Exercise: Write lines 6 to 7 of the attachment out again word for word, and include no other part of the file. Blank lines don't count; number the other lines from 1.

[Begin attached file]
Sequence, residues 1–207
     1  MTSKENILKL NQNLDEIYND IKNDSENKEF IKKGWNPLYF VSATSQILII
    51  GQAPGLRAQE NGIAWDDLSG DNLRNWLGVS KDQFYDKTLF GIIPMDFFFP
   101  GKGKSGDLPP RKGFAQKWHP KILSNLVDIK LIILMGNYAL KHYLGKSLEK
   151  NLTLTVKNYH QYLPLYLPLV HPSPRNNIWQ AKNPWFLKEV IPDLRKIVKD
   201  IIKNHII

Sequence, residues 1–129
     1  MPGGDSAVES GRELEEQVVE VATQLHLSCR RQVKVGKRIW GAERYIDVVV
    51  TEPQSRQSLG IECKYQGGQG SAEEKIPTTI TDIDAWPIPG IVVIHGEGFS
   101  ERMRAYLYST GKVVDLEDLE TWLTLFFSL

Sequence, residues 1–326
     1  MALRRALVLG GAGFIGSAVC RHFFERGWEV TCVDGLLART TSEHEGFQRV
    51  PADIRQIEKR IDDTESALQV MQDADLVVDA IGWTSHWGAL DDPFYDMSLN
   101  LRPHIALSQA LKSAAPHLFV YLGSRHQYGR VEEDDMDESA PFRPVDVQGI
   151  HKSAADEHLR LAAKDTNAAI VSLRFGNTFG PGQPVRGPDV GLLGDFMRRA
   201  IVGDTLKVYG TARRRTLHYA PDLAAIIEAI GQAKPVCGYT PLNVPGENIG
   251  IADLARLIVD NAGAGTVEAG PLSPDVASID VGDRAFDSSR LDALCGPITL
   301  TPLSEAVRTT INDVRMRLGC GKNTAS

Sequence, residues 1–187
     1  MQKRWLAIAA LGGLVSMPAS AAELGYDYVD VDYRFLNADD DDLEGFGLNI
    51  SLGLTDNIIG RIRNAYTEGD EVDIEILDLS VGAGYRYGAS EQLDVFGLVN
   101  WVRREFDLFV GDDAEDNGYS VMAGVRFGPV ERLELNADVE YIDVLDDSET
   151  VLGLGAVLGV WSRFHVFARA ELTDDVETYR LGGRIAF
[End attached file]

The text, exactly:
   201  IIKNHII

Sequence, residues 1–129